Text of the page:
Egeria, one of the earliest documented Christian pilgrims, visited the most important destinations of pilgrimage in the eastern Mediterranean between 381 and 384 AD. She wrote an account of her travels, which is among the earliest descriptions of pilgrimage travel to the Holy Land and beyond.
We do not know much about the identity of Egeria. She most probably lived in the western part of the Roman Empire, perhaps in the region of Galicia, in modern Spain. Some scholars, however, prefer the southern region of modern France as her place of origin.
Egeria described her travels in one or two letters, which she addressed to her "sorores" (Latin for "sisters") back home. Those who interpret the word “sisters” as referring to members of a religious society also accept that Egeria may have been a nun. But it is equally probable that Egeria used the term to address her Christian acquaintances. Egeria’s capability to make a long and expensive journey by herself, her numerous acquaintances in the places she visited and her education indicate her middle or upper class wealthy background. This is further confirmed by her strong interest for the sites and monuments and not only for the related traditions as well as about details of the Christian liturgy.
Egeria visited most of the Christian pilgrimage centers in the Eastern Mediterranean of the 4th century AD. Her itinerary has been reconstructed on the basis of the surviving parts of her travel log, information gathered together from the travel accounts of other pilgrims (for example, the pilgrim of Bordeaux who undertook a similar pilgrimage before Egeria) and references to her trip by later writers who quote from her work, such as the anonymous compiler of a glossary of the 8th or 9th century and Peter the Deacon who wrote in the 12th century.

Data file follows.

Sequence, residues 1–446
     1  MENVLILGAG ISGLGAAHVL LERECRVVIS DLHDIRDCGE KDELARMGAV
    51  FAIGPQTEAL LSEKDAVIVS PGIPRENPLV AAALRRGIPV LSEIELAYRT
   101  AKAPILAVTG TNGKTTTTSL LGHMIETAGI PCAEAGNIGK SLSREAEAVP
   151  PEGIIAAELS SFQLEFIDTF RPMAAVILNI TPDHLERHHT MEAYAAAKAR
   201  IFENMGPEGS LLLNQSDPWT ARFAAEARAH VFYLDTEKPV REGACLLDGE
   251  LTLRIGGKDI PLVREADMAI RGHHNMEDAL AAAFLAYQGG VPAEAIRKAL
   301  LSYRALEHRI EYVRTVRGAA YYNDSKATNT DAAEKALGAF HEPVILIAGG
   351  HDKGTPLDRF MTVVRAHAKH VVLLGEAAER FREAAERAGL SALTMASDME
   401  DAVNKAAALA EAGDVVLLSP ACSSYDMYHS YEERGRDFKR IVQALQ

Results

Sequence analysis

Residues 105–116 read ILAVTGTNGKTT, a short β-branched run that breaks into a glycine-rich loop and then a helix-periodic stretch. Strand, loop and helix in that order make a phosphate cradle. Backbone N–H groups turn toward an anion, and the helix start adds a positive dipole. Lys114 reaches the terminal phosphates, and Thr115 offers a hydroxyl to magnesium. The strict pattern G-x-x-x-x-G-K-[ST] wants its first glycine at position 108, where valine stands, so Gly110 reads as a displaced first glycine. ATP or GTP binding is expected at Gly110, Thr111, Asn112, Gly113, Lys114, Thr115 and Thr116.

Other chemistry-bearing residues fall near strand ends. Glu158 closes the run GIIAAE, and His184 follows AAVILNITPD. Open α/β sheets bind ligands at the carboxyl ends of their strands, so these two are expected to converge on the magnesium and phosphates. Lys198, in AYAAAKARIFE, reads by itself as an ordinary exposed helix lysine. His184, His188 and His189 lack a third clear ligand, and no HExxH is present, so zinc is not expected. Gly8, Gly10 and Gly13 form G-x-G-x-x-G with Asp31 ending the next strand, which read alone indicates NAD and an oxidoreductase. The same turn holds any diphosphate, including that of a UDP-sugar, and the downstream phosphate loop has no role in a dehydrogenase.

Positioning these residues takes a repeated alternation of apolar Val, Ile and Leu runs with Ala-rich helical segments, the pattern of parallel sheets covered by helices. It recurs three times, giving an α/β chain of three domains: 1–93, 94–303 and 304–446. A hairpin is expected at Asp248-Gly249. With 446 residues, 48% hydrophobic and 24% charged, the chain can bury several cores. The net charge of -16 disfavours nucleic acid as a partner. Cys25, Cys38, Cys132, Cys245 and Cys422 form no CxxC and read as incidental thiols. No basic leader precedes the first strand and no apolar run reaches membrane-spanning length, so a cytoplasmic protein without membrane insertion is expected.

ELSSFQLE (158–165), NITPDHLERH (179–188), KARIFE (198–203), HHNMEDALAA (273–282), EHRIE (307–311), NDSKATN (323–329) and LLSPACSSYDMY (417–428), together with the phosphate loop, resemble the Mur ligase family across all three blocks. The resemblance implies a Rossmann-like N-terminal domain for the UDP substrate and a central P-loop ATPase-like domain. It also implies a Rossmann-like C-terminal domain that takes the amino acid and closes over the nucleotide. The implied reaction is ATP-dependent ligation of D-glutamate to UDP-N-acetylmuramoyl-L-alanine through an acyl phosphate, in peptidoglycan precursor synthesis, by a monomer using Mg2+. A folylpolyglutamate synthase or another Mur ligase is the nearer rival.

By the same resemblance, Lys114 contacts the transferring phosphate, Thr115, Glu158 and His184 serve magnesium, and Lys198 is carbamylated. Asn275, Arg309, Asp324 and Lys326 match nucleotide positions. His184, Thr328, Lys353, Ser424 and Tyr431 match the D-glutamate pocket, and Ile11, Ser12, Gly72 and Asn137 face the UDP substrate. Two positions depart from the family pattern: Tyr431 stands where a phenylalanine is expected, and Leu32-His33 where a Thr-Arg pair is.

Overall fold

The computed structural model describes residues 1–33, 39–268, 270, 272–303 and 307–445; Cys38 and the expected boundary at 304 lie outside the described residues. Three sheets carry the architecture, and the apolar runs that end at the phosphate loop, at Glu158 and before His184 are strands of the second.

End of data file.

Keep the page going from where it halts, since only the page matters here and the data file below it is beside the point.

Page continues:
The preserved parts of Egeria’s account refer to one of her two trips to Sinai in modern Egypt, her return to Palestine via Souez, her various travels to biblical sites within the territory of modern Israel – P.N.A., inlcuding detailed desciptions of Jerusalem, her excursions to Antioche and Edessa and her return trip to Constantinople by travelling through modern Turkey.
Egeria provides us with a rich description of many pilgrimage monuments and sites, her encounters with monks and members of the clergy and the so-called Jerusalem liturgy, namely, the church services she witnessed in the city, which became most influential in the development of Christian liturgy all over the world.
The re-discovery of Egeria’s Travels
The text about the travels of Egeria was lost for about seven hundred years. Only the middle part of Egeria's letter has been preserved in a manuscript known today as Itinerarium Egeriae or The Travels of Egeria. This manuscript is part of the Codex Aretinus VI, 3. In 1884, the Italian scholar Gian Francesco Gamurrini discovered Codex Aretinus in the monastic library of S. Maria in Arezzo in Tuscany. The script of the Codex indicates that the text was copied in the area of Monte Cassino between the 9th and 12th century.